Teachers at Jacksonville High School and Kitty Stone Elementary School began implementing “positive behavior support,” a new proactive approach to managing student behavior.
“It seemed like the best start we’ve ever had,” said Brigett Stewart, a gifted-class teacher in her ninth year at Kitty Stone Elementary School. “It’s almost eerie because it seems so smooth.”
Positive Behavior Support, or PBS, focuses on implementing consistent expectations for students that are uniformly enforced by teachers and administration.
Donna Lloyd, director of educational programs for the city schools, said that a major contributor to student misbehavior is having different expectations from different teachers. The vast majority of students can adapt to these changes in expectations and behave accordingly, she said, but for those who can’t, it will foster their misbehavior.
Instead of focusing on prohibiting behaviors, teachers and administrators promote behavior they would like to see from students. District-wide, students are being asked to be respectful, responsible and resourceful, although more specific expectations may look different on the school system’s two campuses.
On Monday, Kitty Stone teachers gave their students a visual demonstration of appropriate behavior. Principal Christy Hamilton said one of the first things teachers went over with their students was a school-wide set of classroom expectations, for which they modeled both appropriate and inappropriate behaviors.
“The overall climate seems better to me because there’s that consistency now,” Stewart said. “We’ve never had a program where in every classroom everybody is on the same page as far as discipline.”
And the expectations don’t stop when the students leave the classroom; there are expectations for the library, the lunchroom, the gym, and hallways and bathrooms. Every teacher will adopt the same discipline report to send home in young students’ weekly folders. Hamilton said students exhibiting positive behavior consistently will be rewarded at the classroom and school-wide levels periodically.
At the high school, students with positive behavior are being supported with a new J-card system, said Principal Mike Newell.
In the past, he said, a lot of the district’s discipline approach has been reactionary. “We dealt with the problems as they arose, which draws attention to students’ misbehavior,” he said. “A lot of students do that for the attention.”
Under the new system, each teacher has been given 10 cards to hand out for the next two weeks and will be looking for students who exhibit behavior that aligns with the school’s expectations.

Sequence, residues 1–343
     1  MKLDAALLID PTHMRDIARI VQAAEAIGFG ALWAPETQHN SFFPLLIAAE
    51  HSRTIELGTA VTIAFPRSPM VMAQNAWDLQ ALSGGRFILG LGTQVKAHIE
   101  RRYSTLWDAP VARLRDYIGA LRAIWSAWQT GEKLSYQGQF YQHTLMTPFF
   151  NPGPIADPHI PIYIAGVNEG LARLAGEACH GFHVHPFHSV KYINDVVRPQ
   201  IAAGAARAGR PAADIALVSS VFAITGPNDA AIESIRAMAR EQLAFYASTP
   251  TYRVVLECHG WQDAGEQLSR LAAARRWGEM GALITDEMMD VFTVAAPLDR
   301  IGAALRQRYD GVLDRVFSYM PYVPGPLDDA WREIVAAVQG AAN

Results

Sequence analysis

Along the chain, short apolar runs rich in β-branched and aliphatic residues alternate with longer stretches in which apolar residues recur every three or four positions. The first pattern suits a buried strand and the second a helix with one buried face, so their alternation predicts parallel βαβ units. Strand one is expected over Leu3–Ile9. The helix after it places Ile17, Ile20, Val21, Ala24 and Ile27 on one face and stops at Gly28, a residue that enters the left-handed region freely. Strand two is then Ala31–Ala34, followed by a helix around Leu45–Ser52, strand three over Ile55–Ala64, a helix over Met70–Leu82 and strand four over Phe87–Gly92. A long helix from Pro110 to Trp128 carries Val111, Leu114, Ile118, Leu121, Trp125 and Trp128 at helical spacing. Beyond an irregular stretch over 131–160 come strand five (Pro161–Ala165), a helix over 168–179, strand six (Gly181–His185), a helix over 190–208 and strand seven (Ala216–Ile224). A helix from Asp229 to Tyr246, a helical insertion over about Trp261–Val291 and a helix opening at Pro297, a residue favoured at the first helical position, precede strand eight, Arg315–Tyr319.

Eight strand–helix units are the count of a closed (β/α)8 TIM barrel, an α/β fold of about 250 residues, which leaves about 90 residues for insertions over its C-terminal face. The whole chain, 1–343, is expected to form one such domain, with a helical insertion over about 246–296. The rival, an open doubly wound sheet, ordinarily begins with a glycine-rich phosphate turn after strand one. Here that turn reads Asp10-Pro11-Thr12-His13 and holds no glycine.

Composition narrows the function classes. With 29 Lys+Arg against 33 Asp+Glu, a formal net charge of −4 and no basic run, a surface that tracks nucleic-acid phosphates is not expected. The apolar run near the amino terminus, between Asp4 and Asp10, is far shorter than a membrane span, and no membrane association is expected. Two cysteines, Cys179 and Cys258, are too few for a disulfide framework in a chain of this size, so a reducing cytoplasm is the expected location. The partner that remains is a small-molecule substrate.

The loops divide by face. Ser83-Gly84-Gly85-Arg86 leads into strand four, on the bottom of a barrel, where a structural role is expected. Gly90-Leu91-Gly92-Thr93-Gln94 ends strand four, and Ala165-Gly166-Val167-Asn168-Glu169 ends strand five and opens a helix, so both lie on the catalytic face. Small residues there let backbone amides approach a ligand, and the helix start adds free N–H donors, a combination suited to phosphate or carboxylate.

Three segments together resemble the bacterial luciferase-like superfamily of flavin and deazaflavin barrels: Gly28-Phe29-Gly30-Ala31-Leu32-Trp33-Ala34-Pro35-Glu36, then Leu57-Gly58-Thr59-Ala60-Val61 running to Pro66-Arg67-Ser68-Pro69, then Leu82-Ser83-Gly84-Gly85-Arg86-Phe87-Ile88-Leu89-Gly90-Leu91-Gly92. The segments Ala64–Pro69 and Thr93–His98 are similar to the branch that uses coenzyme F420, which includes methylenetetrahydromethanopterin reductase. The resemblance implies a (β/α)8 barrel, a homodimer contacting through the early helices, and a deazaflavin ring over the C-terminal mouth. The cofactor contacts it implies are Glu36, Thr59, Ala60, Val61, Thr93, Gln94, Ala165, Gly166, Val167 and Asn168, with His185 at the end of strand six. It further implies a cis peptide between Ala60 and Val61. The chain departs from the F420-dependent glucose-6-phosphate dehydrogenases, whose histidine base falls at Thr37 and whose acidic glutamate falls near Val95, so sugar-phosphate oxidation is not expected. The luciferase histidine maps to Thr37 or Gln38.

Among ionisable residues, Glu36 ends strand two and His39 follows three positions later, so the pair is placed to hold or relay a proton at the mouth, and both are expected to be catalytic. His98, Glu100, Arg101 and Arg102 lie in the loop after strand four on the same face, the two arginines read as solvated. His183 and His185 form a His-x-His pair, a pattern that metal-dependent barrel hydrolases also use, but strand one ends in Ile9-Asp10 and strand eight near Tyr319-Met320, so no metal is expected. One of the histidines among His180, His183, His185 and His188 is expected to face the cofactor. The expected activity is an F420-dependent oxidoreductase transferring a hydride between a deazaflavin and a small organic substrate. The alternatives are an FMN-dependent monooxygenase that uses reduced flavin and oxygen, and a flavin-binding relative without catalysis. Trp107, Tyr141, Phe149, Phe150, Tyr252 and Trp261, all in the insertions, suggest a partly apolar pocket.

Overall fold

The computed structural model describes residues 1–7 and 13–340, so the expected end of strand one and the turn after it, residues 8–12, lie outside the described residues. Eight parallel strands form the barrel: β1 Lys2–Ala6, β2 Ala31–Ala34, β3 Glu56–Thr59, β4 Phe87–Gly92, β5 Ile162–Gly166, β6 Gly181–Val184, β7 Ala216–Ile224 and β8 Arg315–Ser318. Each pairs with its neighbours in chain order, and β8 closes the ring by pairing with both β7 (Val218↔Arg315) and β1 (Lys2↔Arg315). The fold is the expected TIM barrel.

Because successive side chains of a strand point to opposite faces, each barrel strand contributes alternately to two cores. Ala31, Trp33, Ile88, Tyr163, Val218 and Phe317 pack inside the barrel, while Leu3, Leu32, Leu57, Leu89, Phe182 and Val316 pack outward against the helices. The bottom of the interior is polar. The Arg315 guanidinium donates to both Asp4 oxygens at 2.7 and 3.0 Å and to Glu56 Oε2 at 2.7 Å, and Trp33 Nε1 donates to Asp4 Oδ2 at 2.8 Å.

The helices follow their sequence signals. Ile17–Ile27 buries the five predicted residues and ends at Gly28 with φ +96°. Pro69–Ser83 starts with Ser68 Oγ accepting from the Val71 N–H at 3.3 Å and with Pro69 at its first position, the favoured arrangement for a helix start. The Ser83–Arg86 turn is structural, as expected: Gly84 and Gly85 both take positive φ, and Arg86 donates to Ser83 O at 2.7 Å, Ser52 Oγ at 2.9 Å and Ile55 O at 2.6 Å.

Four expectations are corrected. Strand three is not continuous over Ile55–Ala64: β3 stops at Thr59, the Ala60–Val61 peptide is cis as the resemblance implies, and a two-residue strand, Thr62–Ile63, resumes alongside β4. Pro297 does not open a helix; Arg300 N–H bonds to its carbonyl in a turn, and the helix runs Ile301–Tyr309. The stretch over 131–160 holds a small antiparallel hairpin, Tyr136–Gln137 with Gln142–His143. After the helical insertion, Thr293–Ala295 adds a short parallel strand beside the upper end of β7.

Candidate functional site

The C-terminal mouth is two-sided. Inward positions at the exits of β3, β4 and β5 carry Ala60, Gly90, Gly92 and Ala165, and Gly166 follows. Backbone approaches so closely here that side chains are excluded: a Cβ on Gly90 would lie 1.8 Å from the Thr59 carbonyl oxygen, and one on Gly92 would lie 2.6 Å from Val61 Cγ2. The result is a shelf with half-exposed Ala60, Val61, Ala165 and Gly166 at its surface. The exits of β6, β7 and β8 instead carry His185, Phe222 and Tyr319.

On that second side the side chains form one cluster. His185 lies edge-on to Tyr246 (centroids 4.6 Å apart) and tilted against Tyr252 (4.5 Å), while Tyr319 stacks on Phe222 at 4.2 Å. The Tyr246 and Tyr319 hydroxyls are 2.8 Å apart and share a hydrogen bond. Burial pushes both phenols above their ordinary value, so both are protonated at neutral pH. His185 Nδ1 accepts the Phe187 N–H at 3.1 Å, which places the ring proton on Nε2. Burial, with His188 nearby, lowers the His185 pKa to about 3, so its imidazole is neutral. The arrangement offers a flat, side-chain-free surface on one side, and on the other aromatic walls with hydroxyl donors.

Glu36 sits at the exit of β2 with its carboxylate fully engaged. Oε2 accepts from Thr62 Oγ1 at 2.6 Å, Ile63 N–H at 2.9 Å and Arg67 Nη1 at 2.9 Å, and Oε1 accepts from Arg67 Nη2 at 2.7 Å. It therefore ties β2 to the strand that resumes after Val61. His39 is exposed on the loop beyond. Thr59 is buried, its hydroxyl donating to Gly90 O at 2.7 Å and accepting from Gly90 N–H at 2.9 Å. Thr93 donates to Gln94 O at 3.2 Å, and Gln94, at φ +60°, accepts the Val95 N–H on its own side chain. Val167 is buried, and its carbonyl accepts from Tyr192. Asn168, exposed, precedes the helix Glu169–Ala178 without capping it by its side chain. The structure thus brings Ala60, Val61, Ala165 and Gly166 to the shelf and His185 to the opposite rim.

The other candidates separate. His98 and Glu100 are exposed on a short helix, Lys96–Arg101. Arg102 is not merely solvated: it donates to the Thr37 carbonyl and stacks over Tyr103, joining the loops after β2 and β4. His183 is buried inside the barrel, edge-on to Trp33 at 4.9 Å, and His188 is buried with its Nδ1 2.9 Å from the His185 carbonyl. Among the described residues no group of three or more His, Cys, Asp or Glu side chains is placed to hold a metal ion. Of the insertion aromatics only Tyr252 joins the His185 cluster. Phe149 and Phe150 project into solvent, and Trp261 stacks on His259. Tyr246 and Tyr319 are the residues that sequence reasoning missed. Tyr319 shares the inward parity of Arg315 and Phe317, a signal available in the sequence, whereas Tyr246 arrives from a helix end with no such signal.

“They arrived on time, had all their materials, really participated well, they were polite to their classmates—that’s what we want to recognize,” he said.
For teachers like Stewart, whose students are pulled from other classrooms throughout the day, the increase in consistency should be a great improvement.
“I think it makes it easier for children when no matter where you go — even the restrooms and hallways — the expectations are the same,” she said. Stewart also said she feels the new system shows students their teachers are a team.
According to Donald Kincaid, a project director for the Technical Assistance Center on Positive Behavioral Interventions and Supports, said there are more than 15,000 schools in almost every state which are implementing positive behavioral support methods to improved results. He said that typically, schools average a 20 percent reduction in the number of office referrals and 10 percent reduction in suspensions when schools implement PBS. Those schools who implement the program fully, he said, tend to see a 30-40 percent fewer referrals and suspensions.
Fewer referrals and suspensions mean less interruption of instructional time. Kincaid said that research shows that a single discipline referral can take up to an hour of time for the student, teacher and administrator. Last year Jacksonville reported 379 discipline incidents.
Most of the office referrals in Jacksonville last year were the result of disobedience, the majority of which happened at the elementary level. Of 188 incidents in that category, 146 of the perpetrators were students in kindergarten to sixth grade, 33 in seventh to ninth grades, and 14 in 10th to 12th grades.
Lloyd said that the program is data-driven. As the year progresses, the district faculty and staff will be able to evaluate discipline referrals by a number of variables, including teacher, location, type of infraction and time of day.
“As we review the data, those needs will become obvious to us. If students are having trouble changing classes, then that will tell us, what do we need to do differently?”
“We want to keep students engaged, in class and see them graduate,” Newell said. “This is a tool that will help them succeed at that.”